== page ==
By Vrinda Maheshwari
It might seem ironic that The Godfather movies contain lessons for lawyers, given that they glorify the fact that its protagonists are above the law. But as Tom Hanks says in You’ve Got Mail, The Godfather has lessons for everybody. We can learn a lot from Tom Hagen, the original mafia lawyer played to perfection by Robert Duvall in the first two films of The Godfather trilogy.
Tom Hagen is the consigliere of the Corleone family. In Italy, consigliere has a technical meaning, loosely translating to the director of a corporation. It is largely due to Mario Puzo’s characterisation of Tom Hagen and its subsequent popularisation in the media that the word has come to mean lawyer or trusted advisor. Interestingly, he is never avvocato (lawyer); he is consigliere (advisor). The character is said to be based on two real-life personalities – Frank DeSimone, who began as a lawyer but ended as a mafia boss in Los Angeles, and Joseph Gallo, who was the consigliere to the Gambino family. But his character seems too complex to be an amalgamation of just two messed up people. We see him at the beginning of The Godfather, carefully handling the guests who come to confer with the Don at his daughter’s wedding. He advises and assists the Corleone family as we witness their ups and downs, from the rise and fall of Vito Corleone, the Don, and through the trials and tribulations of Michael Corleone, the Don’s youngest son.
Orphaned when he was ten, Thomas Hagen would have spent a life of destitution, had he not saved the Don’s eldest son, Sonny Corleone’s life in a brawl. Sonny takes him home and Don Corleone raises Tom as one of his own children. After Genco Abbandando dies, Hagen takes over as the consigliere, despite his Irish-German ancestry (which made him an anomaly in the all-Sicilian mafia). He is constantly reminded of his outsider status, but rises to the top on the basis of his merit – surely a worthy parable for those of us who are venturing into the often nepotistic world of litigation.
Tom Hagen occupies a mysterious middle ground in The Godfather trilogy. He is well versed in the business dealings of the family and often handles them, and at the same time is the first one to get left out. It can be argued that this lack of involvement was strategic, so that he could be “just a lawyer” and plead plausible deniability in case he needed to. The fact remains that his ambiguous position – both in the criminal organisation and in the Corleone family – is one of the best-orchestrated bits in both the book and the movie. Compare him to Michael: both start off as outsiders, but Michael settles right in by the end of the first movie, while Tom remains, to the end, the perpetual outsider.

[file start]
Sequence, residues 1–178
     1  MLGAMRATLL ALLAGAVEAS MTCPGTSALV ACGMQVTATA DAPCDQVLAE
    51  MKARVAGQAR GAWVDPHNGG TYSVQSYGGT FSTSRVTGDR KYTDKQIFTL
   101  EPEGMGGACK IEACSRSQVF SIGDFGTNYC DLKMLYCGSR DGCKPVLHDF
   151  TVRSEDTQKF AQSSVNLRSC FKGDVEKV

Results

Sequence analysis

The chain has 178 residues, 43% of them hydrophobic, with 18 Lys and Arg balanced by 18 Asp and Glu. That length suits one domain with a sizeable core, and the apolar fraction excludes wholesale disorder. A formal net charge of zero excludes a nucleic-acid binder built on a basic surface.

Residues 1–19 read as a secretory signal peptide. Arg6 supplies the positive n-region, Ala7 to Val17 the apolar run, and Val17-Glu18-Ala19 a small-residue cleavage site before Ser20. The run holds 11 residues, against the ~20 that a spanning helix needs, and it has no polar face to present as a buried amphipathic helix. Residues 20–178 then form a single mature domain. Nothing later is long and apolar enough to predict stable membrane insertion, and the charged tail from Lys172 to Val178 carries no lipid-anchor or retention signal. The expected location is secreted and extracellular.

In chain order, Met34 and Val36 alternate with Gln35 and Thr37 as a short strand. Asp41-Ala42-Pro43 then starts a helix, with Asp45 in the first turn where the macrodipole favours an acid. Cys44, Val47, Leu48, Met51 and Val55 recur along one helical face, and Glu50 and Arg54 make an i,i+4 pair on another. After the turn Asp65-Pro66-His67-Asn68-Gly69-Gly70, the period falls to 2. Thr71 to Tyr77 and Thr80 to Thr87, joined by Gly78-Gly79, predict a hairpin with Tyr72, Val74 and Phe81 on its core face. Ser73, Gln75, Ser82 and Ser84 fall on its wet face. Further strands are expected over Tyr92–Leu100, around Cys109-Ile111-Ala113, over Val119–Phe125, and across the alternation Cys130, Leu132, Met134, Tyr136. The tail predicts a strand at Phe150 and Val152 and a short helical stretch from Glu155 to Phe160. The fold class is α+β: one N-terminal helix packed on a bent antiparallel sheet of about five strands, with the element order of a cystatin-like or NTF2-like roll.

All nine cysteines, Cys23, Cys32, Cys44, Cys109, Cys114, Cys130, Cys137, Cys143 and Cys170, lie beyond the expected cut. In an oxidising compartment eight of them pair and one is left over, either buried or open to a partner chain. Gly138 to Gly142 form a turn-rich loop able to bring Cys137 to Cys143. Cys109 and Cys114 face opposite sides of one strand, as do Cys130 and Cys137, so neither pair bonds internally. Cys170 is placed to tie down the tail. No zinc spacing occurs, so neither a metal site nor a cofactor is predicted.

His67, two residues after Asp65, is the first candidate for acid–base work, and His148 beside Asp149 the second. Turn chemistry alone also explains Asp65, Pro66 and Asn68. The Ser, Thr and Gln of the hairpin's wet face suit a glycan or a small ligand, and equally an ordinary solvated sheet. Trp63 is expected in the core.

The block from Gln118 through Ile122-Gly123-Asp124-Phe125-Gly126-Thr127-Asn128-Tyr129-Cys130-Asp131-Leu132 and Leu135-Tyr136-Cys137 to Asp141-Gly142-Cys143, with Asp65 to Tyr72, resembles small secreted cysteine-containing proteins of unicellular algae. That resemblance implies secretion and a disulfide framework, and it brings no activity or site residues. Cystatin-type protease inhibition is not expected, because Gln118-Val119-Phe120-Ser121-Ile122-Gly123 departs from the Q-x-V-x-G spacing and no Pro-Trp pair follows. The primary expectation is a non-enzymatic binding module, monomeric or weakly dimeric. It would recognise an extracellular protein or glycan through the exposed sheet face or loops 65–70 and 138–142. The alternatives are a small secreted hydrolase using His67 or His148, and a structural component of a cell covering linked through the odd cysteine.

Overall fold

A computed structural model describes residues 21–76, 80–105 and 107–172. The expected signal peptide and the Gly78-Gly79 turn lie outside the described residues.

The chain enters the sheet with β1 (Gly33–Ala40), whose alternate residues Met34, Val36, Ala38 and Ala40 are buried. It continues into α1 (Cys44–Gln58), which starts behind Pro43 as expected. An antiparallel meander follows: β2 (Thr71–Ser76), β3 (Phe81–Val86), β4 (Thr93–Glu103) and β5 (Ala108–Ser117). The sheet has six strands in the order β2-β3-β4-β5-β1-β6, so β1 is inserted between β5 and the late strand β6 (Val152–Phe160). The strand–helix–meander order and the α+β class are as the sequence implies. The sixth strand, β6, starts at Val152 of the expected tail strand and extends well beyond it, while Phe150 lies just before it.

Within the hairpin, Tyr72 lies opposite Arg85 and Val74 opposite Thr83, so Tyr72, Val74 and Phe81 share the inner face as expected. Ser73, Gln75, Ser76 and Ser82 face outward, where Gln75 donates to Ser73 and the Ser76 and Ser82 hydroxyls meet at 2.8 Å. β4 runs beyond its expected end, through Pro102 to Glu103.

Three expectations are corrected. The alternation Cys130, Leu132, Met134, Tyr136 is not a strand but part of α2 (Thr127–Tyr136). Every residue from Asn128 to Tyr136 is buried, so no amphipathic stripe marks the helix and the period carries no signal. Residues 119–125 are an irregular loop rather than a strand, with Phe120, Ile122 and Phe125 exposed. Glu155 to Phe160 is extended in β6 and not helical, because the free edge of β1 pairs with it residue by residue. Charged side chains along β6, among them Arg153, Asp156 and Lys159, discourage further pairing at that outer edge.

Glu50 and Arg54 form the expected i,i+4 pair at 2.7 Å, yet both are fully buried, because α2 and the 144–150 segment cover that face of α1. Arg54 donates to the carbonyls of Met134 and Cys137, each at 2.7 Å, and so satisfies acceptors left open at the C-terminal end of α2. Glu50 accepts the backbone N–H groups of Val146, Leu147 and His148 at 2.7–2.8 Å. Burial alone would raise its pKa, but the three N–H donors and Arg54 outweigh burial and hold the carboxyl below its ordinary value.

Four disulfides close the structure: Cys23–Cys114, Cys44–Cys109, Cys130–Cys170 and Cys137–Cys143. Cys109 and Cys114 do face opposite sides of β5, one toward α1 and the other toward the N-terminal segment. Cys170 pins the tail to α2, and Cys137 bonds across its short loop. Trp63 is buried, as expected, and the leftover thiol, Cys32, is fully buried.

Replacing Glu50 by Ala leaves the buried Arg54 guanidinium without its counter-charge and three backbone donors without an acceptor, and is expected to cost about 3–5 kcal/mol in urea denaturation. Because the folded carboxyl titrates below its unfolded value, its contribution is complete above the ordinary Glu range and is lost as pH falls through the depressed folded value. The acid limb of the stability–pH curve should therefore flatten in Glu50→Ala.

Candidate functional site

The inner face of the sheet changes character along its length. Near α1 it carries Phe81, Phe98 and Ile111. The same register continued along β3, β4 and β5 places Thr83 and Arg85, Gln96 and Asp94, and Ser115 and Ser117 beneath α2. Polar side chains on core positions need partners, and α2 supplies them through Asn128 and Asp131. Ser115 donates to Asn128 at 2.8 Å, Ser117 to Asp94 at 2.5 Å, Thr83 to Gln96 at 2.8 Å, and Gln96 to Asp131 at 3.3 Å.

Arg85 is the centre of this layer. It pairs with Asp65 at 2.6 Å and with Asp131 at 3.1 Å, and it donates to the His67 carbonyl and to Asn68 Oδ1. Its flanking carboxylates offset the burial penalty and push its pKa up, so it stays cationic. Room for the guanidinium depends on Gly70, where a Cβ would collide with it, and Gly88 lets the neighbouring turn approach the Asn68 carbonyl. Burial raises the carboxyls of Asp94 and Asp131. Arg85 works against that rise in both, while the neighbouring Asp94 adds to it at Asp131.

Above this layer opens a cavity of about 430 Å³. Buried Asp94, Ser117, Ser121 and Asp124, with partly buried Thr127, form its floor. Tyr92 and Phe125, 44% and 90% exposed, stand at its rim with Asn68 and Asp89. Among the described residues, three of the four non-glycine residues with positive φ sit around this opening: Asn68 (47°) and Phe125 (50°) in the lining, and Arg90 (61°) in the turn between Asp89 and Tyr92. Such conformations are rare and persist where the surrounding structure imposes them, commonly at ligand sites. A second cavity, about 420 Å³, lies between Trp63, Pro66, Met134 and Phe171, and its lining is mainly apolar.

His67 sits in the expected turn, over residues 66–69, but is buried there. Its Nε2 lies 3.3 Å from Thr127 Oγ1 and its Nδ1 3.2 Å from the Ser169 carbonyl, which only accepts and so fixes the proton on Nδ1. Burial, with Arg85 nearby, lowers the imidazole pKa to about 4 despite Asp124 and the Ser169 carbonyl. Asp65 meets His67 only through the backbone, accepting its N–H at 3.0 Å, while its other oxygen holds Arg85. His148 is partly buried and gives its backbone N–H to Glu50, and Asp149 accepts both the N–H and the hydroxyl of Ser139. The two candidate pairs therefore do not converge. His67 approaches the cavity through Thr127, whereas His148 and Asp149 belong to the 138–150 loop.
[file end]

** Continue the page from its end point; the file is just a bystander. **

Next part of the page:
One of the most poignant scenes in the film is when Don Vito Corleone is shot, and Tom Hagen is trying to control Sonny. The man he considers his father has just been brutally attacked, but he must remain calm, in order to keep the Family in order. It is of course debatable whether such stoicism is commendable in a lawyer; passionate histrionics might sway a judge. In India, where the practice of law requires written rules of civility, and thinly veiled insults are common in the court rooms, the world of The Godfather presents the alternative in Tom Hagen.
Consider his negotiating skills in alternate dispute resolution. He is always cautious, but never irresolute. When he is sent to convince Jack Woltz to give the Don’s godson a lead role in the studio’s next film, he is polite and suave. He listens to insult after insult from Woltz, responding merely by changing the terms of the offer. And when the verbal negotiation does not work, the response is swift and ruthless; he cuts off the head of Khartoum, the prize stud in Woltz’s stable worth many millions of dollars. Efficient and effective.
Hagen also teaches us the wisdom of adapting with the times. In the second movie, when Michael moves to Nevada and removes Hagen from all the illegal activities, he remains the Corleones’ lawyer and handles the casinos to ensure that the family is always well funded. Tom Hagen faces the situation with equanimity and displays his versatility.
Don Corleone says, in Mario Puzo’s novel, that a lawyer with his briefcase can steal more than a hundred men with guns. It was one of Puzo’s favourite lines in the book, but was removed from Francis Ford Coppola’s screenplay because Marlon Brando thought it was too preachy. Perhaps that is why Tom Hagen is not given as much importance as was due to the character.
A career in law is difficult enough without having to descend to animosity. Learn from the suave Tom Hagen. When the hours at work are getting to you, sit back, relax and put on The Godfather. As Clemenza says, “Leave the gun. Take the cannoli.”